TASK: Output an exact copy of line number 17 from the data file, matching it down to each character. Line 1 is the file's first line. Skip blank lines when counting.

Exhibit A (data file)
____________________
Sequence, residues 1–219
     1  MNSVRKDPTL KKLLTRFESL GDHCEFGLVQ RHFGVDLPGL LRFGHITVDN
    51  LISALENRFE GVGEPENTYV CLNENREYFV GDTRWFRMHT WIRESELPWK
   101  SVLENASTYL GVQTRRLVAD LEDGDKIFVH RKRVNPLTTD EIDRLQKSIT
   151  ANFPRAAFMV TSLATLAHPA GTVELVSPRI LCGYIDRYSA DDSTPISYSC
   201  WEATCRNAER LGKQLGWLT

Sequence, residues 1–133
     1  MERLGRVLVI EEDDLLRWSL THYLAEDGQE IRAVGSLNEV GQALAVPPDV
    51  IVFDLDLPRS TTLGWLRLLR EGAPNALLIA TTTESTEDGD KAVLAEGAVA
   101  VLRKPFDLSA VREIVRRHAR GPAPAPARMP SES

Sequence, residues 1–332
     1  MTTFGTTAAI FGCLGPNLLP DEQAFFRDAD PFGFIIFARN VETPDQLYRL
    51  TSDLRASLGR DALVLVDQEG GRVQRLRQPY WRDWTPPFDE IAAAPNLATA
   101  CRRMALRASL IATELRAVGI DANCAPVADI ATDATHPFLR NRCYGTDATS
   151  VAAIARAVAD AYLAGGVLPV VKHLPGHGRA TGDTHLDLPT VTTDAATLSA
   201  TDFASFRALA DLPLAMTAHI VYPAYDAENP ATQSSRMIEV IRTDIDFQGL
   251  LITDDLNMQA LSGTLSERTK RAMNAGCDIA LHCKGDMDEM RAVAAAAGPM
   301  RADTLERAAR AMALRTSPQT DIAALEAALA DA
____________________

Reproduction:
   251  LITDDLNMQA LSGTLSERTK RAMNAGCDIA LHCKGDMDEM RAVAAAAGPM